Jan 12 2023
09:34 am

From a Tennessee Advisory Committee on Intergovernmental Relations (TACIR) report summary dated Dec. 15, 2022.

"Because the practical effect of the state’s EV registration fee is to serve as a substitute for the gas tax by collecting revenue for road funding from vehicle owners who don’t purchase gasoline—and therefore don’t contribute to road funding through the gas tax—

the Commission recommends the state

* increase the EV registration fee to better offset the revenue lost from state fuel taxes that those vehicle owners do not pay,
* share EV registration fees with local governments in the same proportion as the gas tax, and
** apply a reduced EV registration fee to plug-in-hybrid vehicles and share this revenue with local governments in the same proportion as the gas tax."

There is a 68 page detailed report on "Electric Vehicles and Other Issues Affecting Roads and Highway Funding".

From a June 6, 2021, Memorandum on "Electric Vehicles and Other Issues Affecting Road and Highway Funding",

"Commission staff calculated that a vehicle in Tennessee getting 24 mpg over 12,000 miles per year provides $135 in state fuel tax; at
30 mpg the amount falls to $108 (–20%). Improving to 40 mpg would further reduce revenue to $81. Even if there were no new electric vehicles at all, Atlas projects a 15% decline in fuel tax revenue by 2030 (not adjusted for inflation), as overall fuel economy increases by 25%."

I had no idea Tennessee charged buyers an electric vehicle fee. Of course, I've never purchased an EV. A $100 fee does not seem so bad nor does an increased fee of $300.

The info might be in the documents I've linked to, but I'll ask since I haven't seen the answer. Do EV users get charged a state fee when charging their cars at charging stations not at their homes?

WhitesCreek's picture

I don't guess ecologically

I don't guess ecologically advantageous cars will get any credit for not killing the planet, because...Potholes!

Factchecker's picture

Electric rates are higher at

Electric rates are higher at public charging stations than at home, though I don't know what the breakdown is.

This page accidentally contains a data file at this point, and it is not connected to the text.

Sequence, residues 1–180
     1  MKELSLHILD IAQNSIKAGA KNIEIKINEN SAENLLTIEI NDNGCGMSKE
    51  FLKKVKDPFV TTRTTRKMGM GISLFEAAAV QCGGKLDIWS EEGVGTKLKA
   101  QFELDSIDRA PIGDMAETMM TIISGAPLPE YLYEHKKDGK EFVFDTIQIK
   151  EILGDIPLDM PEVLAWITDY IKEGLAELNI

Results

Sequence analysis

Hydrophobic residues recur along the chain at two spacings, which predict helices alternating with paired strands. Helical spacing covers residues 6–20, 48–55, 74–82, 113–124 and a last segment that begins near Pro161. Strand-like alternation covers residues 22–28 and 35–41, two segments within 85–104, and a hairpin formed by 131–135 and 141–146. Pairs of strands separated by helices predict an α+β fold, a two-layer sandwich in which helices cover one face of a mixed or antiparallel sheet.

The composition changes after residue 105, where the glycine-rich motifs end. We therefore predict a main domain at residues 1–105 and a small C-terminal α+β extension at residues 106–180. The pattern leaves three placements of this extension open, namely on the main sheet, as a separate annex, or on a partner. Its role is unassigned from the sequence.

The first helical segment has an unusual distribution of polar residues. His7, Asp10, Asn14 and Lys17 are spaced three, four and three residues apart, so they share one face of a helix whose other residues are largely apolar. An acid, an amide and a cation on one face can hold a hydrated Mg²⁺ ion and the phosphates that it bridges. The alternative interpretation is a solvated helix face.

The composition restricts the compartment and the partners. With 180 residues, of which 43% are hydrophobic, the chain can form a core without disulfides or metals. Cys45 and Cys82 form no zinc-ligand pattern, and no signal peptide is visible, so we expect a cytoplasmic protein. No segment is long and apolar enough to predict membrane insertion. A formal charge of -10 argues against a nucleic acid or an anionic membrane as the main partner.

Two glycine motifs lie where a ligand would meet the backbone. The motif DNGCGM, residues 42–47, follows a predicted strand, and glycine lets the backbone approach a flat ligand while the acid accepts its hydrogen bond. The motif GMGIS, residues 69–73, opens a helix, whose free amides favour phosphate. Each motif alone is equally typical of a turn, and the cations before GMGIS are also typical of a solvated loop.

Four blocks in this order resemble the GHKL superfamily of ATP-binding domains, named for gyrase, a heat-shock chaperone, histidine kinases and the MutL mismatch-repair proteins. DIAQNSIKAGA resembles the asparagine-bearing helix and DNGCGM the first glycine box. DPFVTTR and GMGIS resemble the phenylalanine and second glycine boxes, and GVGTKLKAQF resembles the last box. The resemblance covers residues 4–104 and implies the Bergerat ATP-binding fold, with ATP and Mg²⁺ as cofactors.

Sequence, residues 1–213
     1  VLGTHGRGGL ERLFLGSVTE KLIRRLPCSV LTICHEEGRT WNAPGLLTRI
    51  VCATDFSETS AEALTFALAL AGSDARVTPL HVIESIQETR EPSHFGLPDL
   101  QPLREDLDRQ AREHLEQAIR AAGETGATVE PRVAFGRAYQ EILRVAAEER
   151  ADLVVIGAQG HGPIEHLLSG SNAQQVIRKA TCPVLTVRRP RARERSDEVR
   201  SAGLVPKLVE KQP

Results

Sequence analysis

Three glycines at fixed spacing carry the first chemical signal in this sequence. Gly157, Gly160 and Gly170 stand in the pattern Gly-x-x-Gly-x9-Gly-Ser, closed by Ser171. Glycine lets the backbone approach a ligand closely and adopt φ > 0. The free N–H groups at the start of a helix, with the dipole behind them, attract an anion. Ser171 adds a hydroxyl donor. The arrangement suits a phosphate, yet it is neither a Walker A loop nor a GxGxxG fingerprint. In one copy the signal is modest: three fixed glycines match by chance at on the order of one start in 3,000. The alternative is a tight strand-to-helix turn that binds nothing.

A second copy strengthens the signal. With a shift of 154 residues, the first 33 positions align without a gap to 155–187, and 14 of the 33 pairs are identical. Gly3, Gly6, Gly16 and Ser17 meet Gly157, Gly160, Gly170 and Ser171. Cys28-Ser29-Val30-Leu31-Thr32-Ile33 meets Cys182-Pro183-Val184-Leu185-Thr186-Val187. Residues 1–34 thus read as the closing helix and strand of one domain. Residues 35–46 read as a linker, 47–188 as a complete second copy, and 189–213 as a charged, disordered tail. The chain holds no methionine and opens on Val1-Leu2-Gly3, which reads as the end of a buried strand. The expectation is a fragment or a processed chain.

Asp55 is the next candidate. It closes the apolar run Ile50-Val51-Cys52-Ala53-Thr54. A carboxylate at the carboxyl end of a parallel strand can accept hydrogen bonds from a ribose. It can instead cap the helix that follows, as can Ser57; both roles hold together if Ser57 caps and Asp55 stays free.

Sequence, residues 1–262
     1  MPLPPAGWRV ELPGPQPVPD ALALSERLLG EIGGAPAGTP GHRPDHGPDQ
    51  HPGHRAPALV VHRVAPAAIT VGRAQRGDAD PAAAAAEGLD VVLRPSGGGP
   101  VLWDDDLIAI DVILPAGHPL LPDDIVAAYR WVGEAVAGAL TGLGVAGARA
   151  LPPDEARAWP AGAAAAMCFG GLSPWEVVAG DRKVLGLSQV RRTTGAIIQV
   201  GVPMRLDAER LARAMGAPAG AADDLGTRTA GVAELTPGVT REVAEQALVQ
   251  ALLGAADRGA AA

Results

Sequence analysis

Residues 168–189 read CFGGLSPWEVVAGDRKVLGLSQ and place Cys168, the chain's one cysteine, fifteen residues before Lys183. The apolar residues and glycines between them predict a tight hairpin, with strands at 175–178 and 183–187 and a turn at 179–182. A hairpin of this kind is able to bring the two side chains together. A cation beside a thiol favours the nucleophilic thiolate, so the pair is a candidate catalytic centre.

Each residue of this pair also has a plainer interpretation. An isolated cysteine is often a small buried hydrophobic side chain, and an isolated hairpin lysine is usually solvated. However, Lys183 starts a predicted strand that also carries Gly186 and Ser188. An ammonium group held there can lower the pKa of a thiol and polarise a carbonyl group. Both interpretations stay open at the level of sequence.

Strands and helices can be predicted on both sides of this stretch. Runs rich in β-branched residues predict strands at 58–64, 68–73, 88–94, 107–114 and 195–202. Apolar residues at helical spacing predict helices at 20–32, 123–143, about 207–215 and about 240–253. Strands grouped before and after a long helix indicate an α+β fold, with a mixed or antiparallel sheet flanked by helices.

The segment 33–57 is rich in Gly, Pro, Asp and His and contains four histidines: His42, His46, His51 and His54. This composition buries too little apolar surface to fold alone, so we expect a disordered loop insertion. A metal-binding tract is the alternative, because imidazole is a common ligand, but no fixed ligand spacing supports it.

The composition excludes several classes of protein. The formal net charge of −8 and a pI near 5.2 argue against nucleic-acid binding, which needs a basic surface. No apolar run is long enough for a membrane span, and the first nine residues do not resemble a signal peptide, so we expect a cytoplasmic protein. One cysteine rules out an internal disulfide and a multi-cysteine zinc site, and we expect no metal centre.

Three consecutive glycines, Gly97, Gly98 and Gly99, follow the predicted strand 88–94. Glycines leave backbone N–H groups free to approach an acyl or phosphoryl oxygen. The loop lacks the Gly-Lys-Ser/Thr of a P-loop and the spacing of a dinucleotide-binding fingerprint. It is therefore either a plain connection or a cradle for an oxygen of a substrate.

My main argument against extra EV fees (it's already $100/year) is that environmental benefits of EVs, by reducing the pollution from that would be produced by a comparable ICE vehicle (externalized as social costs), most likely in my opinion outweigh the EV costs in road use/damages.

Smart and progressive governments in most states and at the federal level know this and are pursuing aggressive policies to incentivize purchases of EVs for the sake of the net benefits to society and the economy.

When MAGA-governed states like Tennessee pursue these contrary, punitive and regressive policies--effectively new taxes like they used to denounce, they're clearly misguided and merely trying to "own the libs" they see as granola crunchers who voted for Brandon. IMO they're really too stupid to even realize that many affluent conservatives are buying EVs, and doing so mostly from MAGA icon Elon Musk's company.

One of the reasons for buying an EV is to reduce fuel costs, not fight politicians who are trying to make it a zero sum game by erasing their benefits for political sport.

I also question whether overall average MPG is increasing, if you don't count EVs. And to the extent it is, it's no thanks to the MAGAs running our state government.

Factchecker's picture

P.S. If the state's reasoning

P.S. If the state's reasoning was sound, why wouldn't they come up with a way to increase taxes on miscreants driving high MPG vehicles? Don't Priuses, for example, pay considerably less in road taxes than, say, pickup truck drivers? One could argue they do far less damage to the roads, and I would agree with that, but that is apparently not part of the state's reasoning. Maybe there's a hybrid vehicle tax coming?

If the state really thinks its economic future lies in more road building, which also implies that buying more gas and diesel fuel is a good thing for Tennessee, why doesn't it come up with state incentives, tax rebates, and so on to aid its citizens in buying fuel guzzlers so valuable to the coffers of the state?

And if buying more energy is good, EV users buy more electricity, but theirs is domestically produced within the state and a far cleaner fuel.

A Tennessee gas and diesel guzzler rebate would truly fit what our state government has become. Bottoming out in the right-wing's Race to the Bottom.

bizgrrl's picture

Yes, those are good arguments

Yes, those are good arguments against an EV fee. Is it possible that the money savings and planet savings from having EVs on the roads takes longer than necessary road maintenance?

I am one that thinks we are building too many new roads.

Blue states that charge EV fees,

Vermont is considering a fee based on mileage

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